How can the ideas of timelessness and anachronism contribute to the decolonization of design practices in Latin America?
Article published in June 2016 at XRDS:Crossroads, a magazine from ACM. The full text is available on this link.
Cover image by XRDS: All rights reserved.
In Latin America, reality is always dangerously touching dystopia. Even though sometimes it feels that we are moving forward, violence and inequality keep pushing us back to realities much akin to our colonial past, and our history seems to repeat itself. The invasion of land, military coups, police brutality, violent regimes, and the genocide of indigenous and Afro-Latin peoples are all integral to the fabric of our reality. The cyclical nature of our history emerges as it becomes clear that the structures of power pushing us back to the past have, in fact, never left. We are left feeling like actors in a play, performing the same scenes over and over again.
Visual essay published in Spring 2016 at the special issue on ‘Mestizo Technology’ of the Media-N: Journal of the New Media Caucus, Vol.12, No. 1. Full essay available in this link.
This article discusses how Sonic Fiction—a concept developed by cultural theorist Kodwo Eshun—can be regarded as a cogent mechanism with which to develop Speculative and Critical Design (SCD) projects, using subjects of sound, music, and listening as their driving force. Through a dissection of the base premises of sonic fictions, this article aims to expand the perspectives taken so far by SCD projects in order to encompass languages other than those informed by the usual theories, as well as to broaden the spectrum of possibilities for sound-based practices within the field. In doing so, it suggests sonic fiction as a decolonial epistemology for assessing design questions.
Published at Design Issues Vol. 32, No. 2 – Spring 2016.
Speculative design is going through a troubled adolescence. Roughly fifteen years after interaction design duo Dunne and Raby first started talking about “critical design”, the field seems to have grown up a bit too spoiled and self-centered. Being a fairly young approach to product and interaction design, it seems to have reached a tipping point of confusion, rebellion, contrasting opinions and confrontations. Presently, from practitioners to theorists there seems to be little consensus about what the field is able to offer – and whether it is of any use at all. In this article we hope to pinpoint some reasons why this is so, while at the same time offering not possible, plausible or probable but preferable developments for the field.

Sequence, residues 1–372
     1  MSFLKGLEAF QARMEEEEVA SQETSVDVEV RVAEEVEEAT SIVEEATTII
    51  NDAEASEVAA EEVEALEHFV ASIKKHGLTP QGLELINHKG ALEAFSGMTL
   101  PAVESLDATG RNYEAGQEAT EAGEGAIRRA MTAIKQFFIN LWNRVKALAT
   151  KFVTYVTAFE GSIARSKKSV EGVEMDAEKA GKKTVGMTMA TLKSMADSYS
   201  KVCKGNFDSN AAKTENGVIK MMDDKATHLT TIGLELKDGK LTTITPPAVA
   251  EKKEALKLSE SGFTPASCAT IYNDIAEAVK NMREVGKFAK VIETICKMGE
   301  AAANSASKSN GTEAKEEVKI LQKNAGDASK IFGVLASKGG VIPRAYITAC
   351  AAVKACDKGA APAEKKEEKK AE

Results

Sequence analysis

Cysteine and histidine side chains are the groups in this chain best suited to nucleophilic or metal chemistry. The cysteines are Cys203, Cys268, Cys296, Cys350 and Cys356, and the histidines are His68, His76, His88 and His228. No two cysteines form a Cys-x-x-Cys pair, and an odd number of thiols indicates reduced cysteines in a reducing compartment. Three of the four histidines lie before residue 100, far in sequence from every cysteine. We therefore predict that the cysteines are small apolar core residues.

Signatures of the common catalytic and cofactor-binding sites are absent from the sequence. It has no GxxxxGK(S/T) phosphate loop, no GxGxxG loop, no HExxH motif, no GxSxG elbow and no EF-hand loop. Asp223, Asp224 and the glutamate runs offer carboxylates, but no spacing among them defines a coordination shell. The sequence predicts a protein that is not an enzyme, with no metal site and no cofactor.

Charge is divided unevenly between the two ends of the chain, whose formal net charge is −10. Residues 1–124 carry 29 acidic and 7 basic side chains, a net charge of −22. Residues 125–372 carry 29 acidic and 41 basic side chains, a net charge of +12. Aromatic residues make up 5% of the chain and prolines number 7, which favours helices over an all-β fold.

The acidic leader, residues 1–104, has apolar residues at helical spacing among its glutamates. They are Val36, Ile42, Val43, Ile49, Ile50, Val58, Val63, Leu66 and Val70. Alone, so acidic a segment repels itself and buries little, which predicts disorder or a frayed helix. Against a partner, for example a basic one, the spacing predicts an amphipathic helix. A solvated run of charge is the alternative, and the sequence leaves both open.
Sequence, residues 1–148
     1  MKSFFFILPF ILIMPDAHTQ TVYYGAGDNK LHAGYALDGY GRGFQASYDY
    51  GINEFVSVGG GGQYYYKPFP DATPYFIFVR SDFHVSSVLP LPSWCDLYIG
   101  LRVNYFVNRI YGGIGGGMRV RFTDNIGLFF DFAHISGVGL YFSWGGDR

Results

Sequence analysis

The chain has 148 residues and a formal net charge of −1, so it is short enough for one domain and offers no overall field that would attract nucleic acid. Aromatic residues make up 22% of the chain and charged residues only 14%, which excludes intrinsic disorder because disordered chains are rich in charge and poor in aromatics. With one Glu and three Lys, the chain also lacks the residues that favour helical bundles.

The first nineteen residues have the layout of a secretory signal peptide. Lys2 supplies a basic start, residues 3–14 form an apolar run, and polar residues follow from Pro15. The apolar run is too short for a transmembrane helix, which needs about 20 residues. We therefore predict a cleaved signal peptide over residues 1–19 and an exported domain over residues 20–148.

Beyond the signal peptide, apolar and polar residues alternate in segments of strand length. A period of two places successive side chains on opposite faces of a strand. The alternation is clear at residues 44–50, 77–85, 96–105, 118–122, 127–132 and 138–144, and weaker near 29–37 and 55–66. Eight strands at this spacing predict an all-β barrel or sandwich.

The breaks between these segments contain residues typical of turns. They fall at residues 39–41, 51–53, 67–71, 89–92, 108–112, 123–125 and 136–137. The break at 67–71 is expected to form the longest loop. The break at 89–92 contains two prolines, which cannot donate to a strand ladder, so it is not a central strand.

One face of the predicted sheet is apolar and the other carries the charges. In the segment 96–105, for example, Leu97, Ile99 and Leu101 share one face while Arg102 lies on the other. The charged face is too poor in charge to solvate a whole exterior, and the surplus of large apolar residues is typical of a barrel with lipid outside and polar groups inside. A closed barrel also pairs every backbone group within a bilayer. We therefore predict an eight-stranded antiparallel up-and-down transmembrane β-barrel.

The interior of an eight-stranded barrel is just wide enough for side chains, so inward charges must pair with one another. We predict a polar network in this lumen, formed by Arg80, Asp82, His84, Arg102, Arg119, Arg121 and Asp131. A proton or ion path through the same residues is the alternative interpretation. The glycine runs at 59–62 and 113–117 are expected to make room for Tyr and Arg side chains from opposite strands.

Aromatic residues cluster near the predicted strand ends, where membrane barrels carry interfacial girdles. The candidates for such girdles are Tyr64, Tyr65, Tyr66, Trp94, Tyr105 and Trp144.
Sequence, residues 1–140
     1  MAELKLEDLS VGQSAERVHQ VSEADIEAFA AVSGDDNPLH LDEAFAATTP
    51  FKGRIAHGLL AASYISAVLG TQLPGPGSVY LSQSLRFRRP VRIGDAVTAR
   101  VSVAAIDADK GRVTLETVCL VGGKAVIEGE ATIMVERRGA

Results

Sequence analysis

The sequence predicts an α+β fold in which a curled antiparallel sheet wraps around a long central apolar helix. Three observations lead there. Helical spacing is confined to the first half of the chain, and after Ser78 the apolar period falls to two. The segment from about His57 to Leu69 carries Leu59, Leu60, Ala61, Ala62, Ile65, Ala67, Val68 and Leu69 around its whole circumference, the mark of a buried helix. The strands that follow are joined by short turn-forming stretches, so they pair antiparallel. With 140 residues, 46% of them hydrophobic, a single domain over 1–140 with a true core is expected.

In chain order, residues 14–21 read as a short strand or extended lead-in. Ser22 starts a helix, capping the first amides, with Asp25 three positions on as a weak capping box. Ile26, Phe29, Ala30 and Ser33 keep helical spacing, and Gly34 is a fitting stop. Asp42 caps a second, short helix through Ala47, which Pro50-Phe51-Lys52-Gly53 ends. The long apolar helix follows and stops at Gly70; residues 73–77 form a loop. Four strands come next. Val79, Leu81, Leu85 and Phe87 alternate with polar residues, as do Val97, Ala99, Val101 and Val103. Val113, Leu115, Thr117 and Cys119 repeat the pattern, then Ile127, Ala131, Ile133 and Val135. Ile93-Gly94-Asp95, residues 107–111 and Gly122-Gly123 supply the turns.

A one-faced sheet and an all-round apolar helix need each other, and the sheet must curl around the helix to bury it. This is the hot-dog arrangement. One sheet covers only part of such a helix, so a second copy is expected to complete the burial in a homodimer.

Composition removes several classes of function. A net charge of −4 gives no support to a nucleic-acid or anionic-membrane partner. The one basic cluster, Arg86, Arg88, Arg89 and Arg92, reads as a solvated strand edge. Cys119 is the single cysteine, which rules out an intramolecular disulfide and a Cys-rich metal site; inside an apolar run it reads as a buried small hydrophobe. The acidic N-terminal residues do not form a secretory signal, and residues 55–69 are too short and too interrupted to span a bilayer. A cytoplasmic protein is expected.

Photo credit: Francisco Laranjo/Modes of Criticism
A 1–2 Guide for a well-placed Dystopian Design Project
Earlier this year we published a text on Medium which, apparently, said a few things that resonated quite well among design practitioners and researchers alike. In that text, we pointed out a general disregard for issues of race, class and gender privilege within Speculative and Critical Design projects and publications. For us, it was a serious problem we felt the need to call out. However, SCD projects and publications are still letting plenty of “narrow assumptions” sneak in, and they will only continue to reinforce the status quo of colonialism and imperialism rather than effectively challenging it.